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Book-To-Movie: Hammer’s ‘Hound of the Baskervilles’

A shadowed dog with glowing eyes stands in a night-time landscape.
Credit: Pixabay


No, I’m not reposting the Book-To-Movie from three months ago. This week’s Book-To-Movie is reviewing a different film adaptation of Arthur Conan Doyle’s “The Hound of the Baskervilles”. Last time, we reviewed the 1939 adaptation starring Basil Rathbone. This time we’re reviewing Hammer Studios’ 1959 version starring that other big name in horror, Peter Cushing. Last time, I said I hadn’t seen this version. But only a week ago I came across it on the streaming video website, Tubi. It was under the category of movies that are “Leaving Soon”. So, I thought if I wanted to see it for free then I’d better watch it right away and so did. (Don’t get me wrong, I don’t always go cheap. But, hey, who doesn’t like freebies?) This movie wasn’t a bad adaptation of the book. In fact, it only fell short of matching the quality of the 1939 film by a couple details. 


The Book

Because we went over the book, “The Hound of the Baskervilles”, in the earlier Book-To-Movie, I’m only going to give a brief synopsis of it here. For a more detailed synopsis, check out the earlier review

In Conan Doyle’s 1902 novel, “The Hound of the Baskervilles”, Sherlock Holmes and his sidekick, Dr. Watson, attempt to track a killer who threatens the life of a young heir, Sir Henry Baskerville. In order to solve the case, the two detectives must find out if the killer is even human. Mostly set on the Baskerville estate on the secluded moors, the locals believe that a demon dog haunts the area. They, like much of the Baskerville line, believe the family has been cursed by the dog due to an ancestor’s abuse towards his wife. It’s this deadly canine that some believe will kill the young Baskerville heir.

The Movie

The Hammer film of “Hound” is directed by Terrence Fisher, and stars Peter Cushing as Holmes, Andre Morell as Dr. Watson and Christopher Lee as Sir Henry. The first two of these actors do a good job of portraying their characters. Lee does at least a fair job portraying his even though the gentleman role is atypical of his more villainous ones such as Dracula. But in no way is that what makes this movie fall short in quality of the 1939 one, directed by Sidney Lanfield. Neither is it the fact that the hound is not as monstrous in appearance as it’s described in the book; the earlier film had that same problem. However, the hound’s howl is more menacing and more unearthly-sounding than that in Lanfield’s movie. Also, like the earlier film, certain scenes from the book are omitted in the Hammer version and a few new ones added without straying from the original plot.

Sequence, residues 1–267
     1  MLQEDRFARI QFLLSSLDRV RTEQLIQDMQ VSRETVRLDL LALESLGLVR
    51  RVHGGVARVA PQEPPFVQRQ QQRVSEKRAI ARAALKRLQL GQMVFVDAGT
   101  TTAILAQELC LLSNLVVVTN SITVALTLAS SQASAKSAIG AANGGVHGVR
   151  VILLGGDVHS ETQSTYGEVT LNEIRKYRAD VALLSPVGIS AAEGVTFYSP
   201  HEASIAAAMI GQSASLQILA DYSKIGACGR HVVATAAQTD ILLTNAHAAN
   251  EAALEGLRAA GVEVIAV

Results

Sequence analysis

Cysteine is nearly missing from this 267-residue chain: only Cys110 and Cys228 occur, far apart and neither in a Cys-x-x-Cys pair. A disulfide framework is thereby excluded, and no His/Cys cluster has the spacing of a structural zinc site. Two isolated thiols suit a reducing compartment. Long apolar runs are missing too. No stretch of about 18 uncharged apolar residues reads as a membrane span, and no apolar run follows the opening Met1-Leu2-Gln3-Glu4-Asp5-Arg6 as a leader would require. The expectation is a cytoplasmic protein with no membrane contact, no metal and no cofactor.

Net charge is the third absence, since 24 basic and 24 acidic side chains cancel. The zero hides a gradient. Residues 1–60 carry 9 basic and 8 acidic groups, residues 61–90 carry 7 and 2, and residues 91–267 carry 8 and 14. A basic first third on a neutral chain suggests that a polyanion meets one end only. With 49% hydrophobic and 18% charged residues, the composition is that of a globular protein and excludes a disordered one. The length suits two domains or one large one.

The real problems with the Hammer movie that make it fall short of being a match for the 1939 one is in the characterisation and conclusion. While the main characters are well-portrayed overall, they’re all temperamental. Even though they’re well distinguished from each other, this trait takes away from that distinction. The other problem is that the movie’s ending does not tie up the loose ends: certain sublots and questions concerning the case do not clearly come together or get answered by the end. Other than these two problems, the movie in general is impressing.


I wouldn’t say Hammer’s “Hound of the Baskervilles” is Terrence Fisher’s best horror film. He’s made far better ones than that. However, it’s made good overall and almost matches the quality of Sidney Lanfield’s adaptation. But neither movie comes close to matching the quality of the book. Conan Doyle had a writing style that can’t be duplicated in the cinematic form and he knew his characters too well. 


To Come . . .

This upcoming week the second issue to my newsletter, “Night Creatures’ Call”, releases. If you have not signed up to be on the newsletter list, you can do so here.  Also look out for my books to go on discount starting July 1st as part of Smashwords summer sale! 

Have you read Arthur Conan Doyle’s “The Hound of the Baskervilles” or seen the Hammer movie adaptation? Will you be checking out the Smashwords summer sale in July?

Until next time . . .


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